Companies regularly fund articles and talks that never mention the targeted drug, but are meant to disadvantage the competition. One of my colleagues was paid handsomely by a drug company to give a hundred talks a year presenting negative data on alternative therapies, a competitor for an infinitesimal share of the market dominated by the company’s blockbuster drug....there would be no reason for the audience to suspect that a talk that mentioned no pharmaceuticals was funded by a pharmaceutical company.
And the punch line -
These efforts may begin years before a pharmaceutical is approved for sale. It is a bit like farming; weeds are removed, the soil prepared, perhaps a cover crop planted, to be tilled under before seeds are sown in the receptive soil...

We'd like to award last week's halo (they improve with age, and we're late) to Adriane Fugh-Berman for bringing these industry practices to light. "Sunlight is...the best of disinfectants" - thank you, Dr. Fugh-Berman, for your contributions toward disinfecting medicine.

Monday, April 18, 2005

Grownup Republicans speak on DeLay and Doolittle

Apr 24, minor edit.

FYI, several links in this post go to the House of Scandal, where the prose is overheated; try to look past the tone to the facts presented.

A recurrent question over the last few years - Where Are the Grownups in the Republican Party?   Slowly they've been emerging*; now one from our own state, Pete McCloskey, is speaking out.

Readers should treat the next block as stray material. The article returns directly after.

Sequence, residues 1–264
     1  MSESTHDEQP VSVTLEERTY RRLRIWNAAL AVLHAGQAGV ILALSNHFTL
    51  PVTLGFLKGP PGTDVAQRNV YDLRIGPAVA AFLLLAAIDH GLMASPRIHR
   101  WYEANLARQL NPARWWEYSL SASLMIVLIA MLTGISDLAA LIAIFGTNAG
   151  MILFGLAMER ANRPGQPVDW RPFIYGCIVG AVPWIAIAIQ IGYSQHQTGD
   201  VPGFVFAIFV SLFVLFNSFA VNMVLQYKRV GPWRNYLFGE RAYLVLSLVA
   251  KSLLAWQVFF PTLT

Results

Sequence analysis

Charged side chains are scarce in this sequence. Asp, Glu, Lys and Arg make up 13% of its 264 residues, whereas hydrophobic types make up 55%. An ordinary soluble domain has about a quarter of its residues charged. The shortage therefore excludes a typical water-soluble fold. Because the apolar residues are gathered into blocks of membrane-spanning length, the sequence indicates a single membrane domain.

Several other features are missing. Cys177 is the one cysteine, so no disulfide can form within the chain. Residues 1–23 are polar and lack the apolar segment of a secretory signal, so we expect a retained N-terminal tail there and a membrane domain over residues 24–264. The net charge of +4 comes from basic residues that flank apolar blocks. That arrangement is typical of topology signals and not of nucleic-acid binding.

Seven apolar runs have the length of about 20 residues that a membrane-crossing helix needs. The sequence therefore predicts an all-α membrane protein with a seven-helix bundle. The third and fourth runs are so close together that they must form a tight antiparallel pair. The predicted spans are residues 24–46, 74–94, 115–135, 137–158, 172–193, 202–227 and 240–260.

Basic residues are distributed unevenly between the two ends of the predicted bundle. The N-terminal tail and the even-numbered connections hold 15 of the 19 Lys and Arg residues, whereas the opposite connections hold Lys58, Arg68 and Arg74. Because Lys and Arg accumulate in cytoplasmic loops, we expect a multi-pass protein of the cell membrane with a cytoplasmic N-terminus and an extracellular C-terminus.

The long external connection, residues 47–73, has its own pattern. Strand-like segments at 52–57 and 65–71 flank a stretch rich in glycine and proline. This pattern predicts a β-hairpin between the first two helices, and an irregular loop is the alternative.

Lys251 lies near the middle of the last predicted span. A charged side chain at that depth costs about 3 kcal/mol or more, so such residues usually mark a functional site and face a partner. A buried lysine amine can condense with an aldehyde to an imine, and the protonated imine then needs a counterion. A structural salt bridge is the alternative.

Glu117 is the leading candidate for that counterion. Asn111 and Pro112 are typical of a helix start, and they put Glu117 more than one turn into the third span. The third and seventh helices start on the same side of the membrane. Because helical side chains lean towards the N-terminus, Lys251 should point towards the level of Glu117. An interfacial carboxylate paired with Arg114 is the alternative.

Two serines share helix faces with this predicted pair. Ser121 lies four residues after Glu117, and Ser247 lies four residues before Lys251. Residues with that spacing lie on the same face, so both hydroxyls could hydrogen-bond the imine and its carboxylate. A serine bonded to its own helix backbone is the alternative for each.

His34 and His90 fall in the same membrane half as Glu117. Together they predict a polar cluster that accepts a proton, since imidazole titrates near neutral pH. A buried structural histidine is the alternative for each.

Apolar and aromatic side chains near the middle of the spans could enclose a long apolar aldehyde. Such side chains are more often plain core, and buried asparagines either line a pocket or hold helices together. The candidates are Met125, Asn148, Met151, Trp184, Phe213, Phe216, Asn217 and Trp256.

From Friday's NY Times, 10 Ex-G.O.P. Lawmakers Attack Changes in Ethics Rules, McCloskey among them (*) -
"We offer no judgment on Mr. DeLay's actions in the obtaining of funds and favors from lobbyists and foreign agencies*, other than to note that they are the subject of continuing disclosure and discussion well outside the Beltway and in the heart of areas of strong respect for traditional Republican values of honesty and accountability," they said.
The position of our U.S. Representative?
John Doolittle said of DeLay, "I stand 150 percent behind him." *
More details on Doolittle-DeLay connections - including $10,000 from Doolittle to DeLay's legal fund - here; Doolittle is a man who puts his money where his mouth is.

From the April 8-14 issue of the Auburn Sentinel (published weekly; doesn't seem to be online), Mainstream GOP icon Pete McCloskey wants Doolittle ousted:
[McCloskey offered] blunt talk about replacing 4th District congressman[?? - ed.] John T. Doolittle, House Majority Leader Tom DeLay and others for what he views as their "apostasy to true Republican principles"...McCloskey is encouraging mainstream/moderate Republicans to organize a search committee..."Republicans for Honesty in Government"...Doolittle is one of DeLay's lieutenants in the House leadership.

Coverage in The Union:
Search Results : McCloskey republican